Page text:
Think this is harsh? Consider his response when asked on Sky TV, in the aftermath of his failed leadership bid, what he thinks of the Coalition’s prospects: “I believe strongly that we can win the election if we get the policies and the message right about lowering electricity prices, about … We need to invest record amounts into health and education, aged care and …”.

It’s a shopping list of platitudes, not a manifesto for leadership. Dutton might say he is merely reciting the priorities of the Government of which he remains a member.

But for someone who has long harboured ambitions to reach the top job, it seems like a very thin resume of ideas.

Aside from a determination to ignore the policy challenges of a rapidly changing climate, Dutton’s grab bag of priorities betrays sloppy economic and fiscal thinking.

First the fiscal. Just by virtue of holding its spending steady as a proportion of GDP, governments each year invest “record amounts” in areas like health, education and aged care.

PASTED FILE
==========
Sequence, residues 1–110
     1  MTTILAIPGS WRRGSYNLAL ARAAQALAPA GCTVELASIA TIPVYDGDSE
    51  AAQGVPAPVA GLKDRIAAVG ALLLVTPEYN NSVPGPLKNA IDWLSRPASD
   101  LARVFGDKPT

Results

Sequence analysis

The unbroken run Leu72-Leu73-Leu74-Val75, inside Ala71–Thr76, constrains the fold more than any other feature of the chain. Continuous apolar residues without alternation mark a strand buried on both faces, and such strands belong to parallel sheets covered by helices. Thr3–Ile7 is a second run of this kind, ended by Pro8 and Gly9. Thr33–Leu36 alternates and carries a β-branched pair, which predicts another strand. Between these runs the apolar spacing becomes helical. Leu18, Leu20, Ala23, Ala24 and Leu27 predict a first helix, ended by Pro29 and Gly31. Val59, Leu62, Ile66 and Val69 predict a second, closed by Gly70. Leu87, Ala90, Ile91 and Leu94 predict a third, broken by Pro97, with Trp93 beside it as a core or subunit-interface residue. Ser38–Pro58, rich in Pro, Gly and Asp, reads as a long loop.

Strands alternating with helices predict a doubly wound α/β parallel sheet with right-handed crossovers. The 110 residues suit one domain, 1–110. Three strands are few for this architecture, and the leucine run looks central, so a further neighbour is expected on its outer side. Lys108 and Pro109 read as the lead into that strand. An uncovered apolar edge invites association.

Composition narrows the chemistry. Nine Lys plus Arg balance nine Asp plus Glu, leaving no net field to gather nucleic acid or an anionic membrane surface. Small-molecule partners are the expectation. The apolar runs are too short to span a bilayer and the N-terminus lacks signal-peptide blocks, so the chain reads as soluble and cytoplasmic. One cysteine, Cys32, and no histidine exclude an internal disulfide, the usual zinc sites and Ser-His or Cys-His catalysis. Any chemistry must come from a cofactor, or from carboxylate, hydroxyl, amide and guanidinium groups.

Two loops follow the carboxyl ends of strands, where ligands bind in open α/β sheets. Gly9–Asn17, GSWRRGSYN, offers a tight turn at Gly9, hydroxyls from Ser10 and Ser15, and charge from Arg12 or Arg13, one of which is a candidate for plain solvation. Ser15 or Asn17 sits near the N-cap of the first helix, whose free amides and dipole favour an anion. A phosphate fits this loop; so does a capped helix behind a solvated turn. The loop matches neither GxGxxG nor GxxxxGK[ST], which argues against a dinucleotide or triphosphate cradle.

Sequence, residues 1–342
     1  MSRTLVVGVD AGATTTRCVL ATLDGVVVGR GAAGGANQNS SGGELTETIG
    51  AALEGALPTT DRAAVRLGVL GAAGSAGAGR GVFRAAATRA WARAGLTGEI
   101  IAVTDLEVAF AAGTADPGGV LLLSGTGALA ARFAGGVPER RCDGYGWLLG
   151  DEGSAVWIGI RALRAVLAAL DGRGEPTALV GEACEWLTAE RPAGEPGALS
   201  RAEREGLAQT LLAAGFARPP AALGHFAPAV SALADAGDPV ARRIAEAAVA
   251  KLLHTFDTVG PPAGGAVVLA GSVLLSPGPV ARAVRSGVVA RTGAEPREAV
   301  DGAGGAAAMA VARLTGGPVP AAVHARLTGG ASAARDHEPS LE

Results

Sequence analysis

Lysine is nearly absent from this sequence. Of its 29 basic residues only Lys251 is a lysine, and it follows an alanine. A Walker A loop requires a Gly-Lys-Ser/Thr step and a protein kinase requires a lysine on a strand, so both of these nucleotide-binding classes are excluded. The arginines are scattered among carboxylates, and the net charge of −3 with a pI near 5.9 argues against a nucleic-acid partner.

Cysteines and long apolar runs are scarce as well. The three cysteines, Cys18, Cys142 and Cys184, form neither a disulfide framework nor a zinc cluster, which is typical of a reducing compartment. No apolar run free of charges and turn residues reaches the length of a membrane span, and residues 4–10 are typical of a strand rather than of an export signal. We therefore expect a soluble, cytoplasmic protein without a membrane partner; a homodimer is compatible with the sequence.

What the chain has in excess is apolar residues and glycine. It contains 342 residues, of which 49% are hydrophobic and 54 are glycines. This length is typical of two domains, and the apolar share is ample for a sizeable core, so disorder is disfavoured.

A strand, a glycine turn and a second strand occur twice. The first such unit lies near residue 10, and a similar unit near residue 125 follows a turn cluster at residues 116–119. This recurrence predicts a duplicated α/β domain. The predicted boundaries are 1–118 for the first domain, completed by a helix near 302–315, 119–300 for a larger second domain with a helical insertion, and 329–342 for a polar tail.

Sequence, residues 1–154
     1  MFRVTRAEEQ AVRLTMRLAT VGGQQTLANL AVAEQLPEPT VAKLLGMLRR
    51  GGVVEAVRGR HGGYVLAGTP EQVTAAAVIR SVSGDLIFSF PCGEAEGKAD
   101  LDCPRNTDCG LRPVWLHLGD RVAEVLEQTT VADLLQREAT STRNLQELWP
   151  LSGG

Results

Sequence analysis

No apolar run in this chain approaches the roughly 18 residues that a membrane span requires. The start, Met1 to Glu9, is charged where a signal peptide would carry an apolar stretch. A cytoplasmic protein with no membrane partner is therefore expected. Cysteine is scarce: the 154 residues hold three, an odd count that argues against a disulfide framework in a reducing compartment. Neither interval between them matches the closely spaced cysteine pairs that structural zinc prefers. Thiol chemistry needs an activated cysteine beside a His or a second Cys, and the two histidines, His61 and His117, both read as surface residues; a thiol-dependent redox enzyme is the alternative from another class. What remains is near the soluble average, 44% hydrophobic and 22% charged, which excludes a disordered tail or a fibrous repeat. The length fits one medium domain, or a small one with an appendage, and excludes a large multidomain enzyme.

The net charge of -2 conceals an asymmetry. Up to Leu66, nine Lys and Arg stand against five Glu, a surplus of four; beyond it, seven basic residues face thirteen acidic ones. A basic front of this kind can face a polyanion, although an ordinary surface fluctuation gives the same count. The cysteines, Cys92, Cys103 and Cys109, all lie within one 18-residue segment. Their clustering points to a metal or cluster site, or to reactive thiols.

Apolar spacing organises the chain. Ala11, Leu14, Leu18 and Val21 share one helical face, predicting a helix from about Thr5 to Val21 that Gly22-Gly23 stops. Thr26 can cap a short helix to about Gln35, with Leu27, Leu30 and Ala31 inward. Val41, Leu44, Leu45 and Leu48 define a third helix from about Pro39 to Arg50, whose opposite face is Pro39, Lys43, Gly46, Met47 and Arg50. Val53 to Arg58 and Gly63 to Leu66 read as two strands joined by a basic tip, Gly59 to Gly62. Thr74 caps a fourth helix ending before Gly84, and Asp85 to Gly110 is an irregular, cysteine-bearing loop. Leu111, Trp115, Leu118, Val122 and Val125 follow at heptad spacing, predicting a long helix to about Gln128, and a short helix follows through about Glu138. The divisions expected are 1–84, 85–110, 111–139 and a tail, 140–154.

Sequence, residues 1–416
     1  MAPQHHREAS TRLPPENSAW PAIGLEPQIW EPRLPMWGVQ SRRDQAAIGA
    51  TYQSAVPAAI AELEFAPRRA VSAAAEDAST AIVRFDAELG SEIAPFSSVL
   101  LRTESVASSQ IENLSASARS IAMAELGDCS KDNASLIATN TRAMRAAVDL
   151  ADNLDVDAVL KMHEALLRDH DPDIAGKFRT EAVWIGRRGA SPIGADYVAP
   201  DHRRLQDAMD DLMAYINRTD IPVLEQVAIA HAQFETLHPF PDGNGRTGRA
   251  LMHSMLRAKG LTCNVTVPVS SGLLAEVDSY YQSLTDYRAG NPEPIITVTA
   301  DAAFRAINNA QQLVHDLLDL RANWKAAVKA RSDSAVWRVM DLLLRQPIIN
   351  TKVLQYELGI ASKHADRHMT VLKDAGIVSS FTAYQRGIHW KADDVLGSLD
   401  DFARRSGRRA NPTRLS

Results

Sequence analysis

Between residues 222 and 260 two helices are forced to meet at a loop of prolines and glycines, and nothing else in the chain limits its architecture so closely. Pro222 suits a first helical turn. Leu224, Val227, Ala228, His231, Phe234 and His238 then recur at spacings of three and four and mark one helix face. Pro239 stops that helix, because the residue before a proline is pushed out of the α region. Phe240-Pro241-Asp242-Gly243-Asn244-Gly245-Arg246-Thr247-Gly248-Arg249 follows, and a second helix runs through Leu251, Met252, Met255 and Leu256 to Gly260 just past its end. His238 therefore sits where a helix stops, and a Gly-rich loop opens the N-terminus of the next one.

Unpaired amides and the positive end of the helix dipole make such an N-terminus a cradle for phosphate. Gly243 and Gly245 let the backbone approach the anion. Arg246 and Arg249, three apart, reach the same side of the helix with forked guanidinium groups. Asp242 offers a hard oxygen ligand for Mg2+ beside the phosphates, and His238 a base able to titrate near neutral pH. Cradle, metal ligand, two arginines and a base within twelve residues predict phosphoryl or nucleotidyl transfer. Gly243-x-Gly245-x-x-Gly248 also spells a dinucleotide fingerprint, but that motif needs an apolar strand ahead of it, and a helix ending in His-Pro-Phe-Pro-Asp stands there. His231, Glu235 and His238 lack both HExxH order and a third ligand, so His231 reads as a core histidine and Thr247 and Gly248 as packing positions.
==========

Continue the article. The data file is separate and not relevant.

Economic naivety could be much more serious and potentially damaging.

If, by “lowering electricity prices”, Dutton is simply using shorthand to refer to policies that might help contain the extent of price rises, that might not be so egregious. Governments already interfere in market pricing, such as by limiting annual residential rent increases. While this distorts the property market, the potential discouragement of investors is balanced against the financial certainty it provides to renters.

But if he is delving into the agrarian socialist playbook of his fellow-travellers in the National Party like Christensen and Barnaby Joyce to introduce price controls, that is much more concerning.

Because of the modest size of its economy, Australia relies heavily on foreign investment for development.

But every measure taken to prop up farmers and rural industries, to block offshore investors, and to control prices, comes with a cost.

In the aftermath of the GFC, Australia has been a popular destination for foreign investors. But as the US and other economies strengthen, that advantage is waning.

Markets hate uncertainty, so the latest bout of instability surrounding Australia’s highest political office is unhelpful.

Add to that the prospect of a change to a leader even more deeply beholden to vested interests and a Trumpian understanding of the economy and trade (ie. not much), and even the modest growth of recent times might seem like a golden time of prosperity and stability.

As Coalition MPs consider how they will vote in the next leadership ballot, let’s hope they consider what’s best for the country, rather than just what’s best for them.